Both Bathgate and Sullivan testified they discussed the risks of going to trial and getting a sentence longer than the agreed-upon 45 years Bathgate received in the plea deal.
Bathgate did not deny striking Allen with a cane on Dec. 3, 2010, stomping him with his steel-toed boots. He also didn’t deny running Allen down with Allen’s own truck after he saw him struggle to get up and realized Allen had not died from the beating and repeated stabbing. Police said Bathgate tried to hide Allen’s body, masking it with leaves and debris, near the entrance to the quarry on Winthrop Street near the Manchester line.
He discarded his own clothing and boots at various places in Manchester and Gardiner, and then returned to the scene to locate and destroy Allen’s cellphone because Bathgate figured his number would show up on it. In response to Stokes’ questions Thursday, Bathgate confirmed that he went through Allen’s wallet and stole his money and pills.
Police found Allen’s body Dec. 5, 2010, with the aid of cadaver dogs, less than a mile from where his truck had earlier been found.
Police located Bathgate several days after the killing when he called them to talk about it and indicated Allen had been run down with his own truck. Bathgate was captured after a night-long standoff when police fired tear gas into the vacant Augusta apartment where he had holed up.
On the stand on Thursday, Bathgate said he couldn’t remember the standoff and couldn’t remember smoking all his cigarettes that night, but realized they were gone when he awoke in the morning.
Bathgate told Paradie he must have “blacked out or fell asleep.” He said he was coming down from the drugs during police questioning and didn’t fully understand when police read him the Miranda warnings.
“The only thing I really remember is having ink all over my hands and being stripped down for photos,” Bathgate testified.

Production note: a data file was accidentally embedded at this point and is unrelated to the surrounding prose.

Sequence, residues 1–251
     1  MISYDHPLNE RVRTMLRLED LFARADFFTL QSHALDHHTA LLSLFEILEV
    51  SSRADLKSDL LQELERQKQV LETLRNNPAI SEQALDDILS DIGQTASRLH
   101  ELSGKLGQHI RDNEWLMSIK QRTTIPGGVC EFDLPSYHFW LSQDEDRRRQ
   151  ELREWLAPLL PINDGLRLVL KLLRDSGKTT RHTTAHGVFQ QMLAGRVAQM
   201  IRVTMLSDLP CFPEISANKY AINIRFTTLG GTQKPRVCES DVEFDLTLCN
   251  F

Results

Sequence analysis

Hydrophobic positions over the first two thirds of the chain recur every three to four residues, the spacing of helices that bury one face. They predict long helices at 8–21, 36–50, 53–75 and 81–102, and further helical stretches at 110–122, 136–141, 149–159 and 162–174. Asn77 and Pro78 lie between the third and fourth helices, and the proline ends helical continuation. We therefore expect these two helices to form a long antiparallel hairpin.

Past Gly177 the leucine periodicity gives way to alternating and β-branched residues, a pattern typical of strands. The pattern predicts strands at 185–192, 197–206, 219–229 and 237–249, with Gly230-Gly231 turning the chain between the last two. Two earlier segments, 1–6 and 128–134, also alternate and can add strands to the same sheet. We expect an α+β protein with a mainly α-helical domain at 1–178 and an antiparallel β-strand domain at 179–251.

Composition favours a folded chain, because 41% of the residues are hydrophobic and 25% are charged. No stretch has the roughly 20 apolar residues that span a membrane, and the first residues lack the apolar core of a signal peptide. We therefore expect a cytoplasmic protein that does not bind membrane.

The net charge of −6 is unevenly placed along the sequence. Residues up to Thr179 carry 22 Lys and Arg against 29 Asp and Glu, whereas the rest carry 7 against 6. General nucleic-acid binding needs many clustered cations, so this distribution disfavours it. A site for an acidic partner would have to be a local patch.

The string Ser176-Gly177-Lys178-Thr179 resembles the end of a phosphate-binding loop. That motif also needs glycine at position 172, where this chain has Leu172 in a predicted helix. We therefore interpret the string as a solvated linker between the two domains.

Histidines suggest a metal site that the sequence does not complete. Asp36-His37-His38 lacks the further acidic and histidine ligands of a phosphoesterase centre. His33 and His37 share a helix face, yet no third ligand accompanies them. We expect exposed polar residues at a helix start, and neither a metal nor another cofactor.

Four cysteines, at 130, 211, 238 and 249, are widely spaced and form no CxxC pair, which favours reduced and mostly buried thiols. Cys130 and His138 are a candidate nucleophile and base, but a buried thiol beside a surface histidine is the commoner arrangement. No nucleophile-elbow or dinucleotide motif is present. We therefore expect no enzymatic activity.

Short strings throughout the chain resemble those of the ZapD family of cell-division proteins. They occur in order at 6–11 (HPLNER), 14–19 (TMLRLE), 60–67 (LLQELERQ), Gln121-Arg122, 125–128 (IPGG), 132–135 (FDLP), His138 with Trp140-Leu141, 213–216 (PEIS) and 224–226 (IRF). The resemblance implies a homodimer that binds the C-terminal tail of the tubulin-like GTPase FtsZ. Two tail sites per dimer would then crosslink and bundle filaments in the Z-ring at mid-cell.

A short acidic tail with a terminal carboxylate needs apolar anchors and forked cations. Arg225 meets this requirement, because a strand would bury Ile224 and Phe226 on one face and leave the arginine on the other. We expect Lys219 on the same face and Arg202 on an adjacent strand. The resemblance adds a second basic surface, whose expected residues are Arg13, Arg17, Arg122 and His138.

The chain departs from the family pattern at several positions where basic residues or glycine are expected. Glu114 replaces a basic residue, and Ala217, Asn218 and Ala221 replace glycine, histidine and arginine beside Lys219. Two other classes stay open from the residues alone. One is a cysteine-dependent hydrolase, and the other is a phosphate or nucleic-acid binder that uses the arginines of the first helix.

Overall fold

At Thursday’s hearing, Bathgate was dressed in the blue work shirt and blue jeans that are the standard Maine prison uniform. His hands were cuffed and attached to a leather belt at his waist. His ankles too were shackled. His dark hair was longer and wavy in contrast to his shaved head at the sentencing hearing. Several times he asked for water to drink, and was given some by court officers.
Relatives and friends of Bathgate, including his current girlfriend, watched the hearing from a bench at the back of the courtroom.
Bathgate’s mother, Ann Bathgate of Albion, said the family hopes for a new trial but did not expect the judge to make a decision Thursday.
“Our plan is just to be here to support Peter,” she said.
Ann Bathgate said the family visits him every couple of weeks at the prison in Windham.
Relatives and friends of Paul Allen too sat through the hearing.
Allen’s ex-wife, Kathleen, left the courtroom at one point as Bathgate was questioned about what happened to Allen the night of the killing.
During a short recess later, she said she was doing “the best that I can.”
Paradie’s first witness was Dr. Carlyle Voss, a forensic psychiatrist, who evaluated Bathgate at the prison and who saw videotapes and read transcripts of Bathgate’s questioning by police, testified that Bathgate was likely aware of what he was doing at the time of the slaying and knew it was wrong.
At the close of Thursday’s four-hour hearing, Justice Michaela Murphy set an April 4 deadline for Stokes and Paradie to file closing arguments in writing and said she would rule later.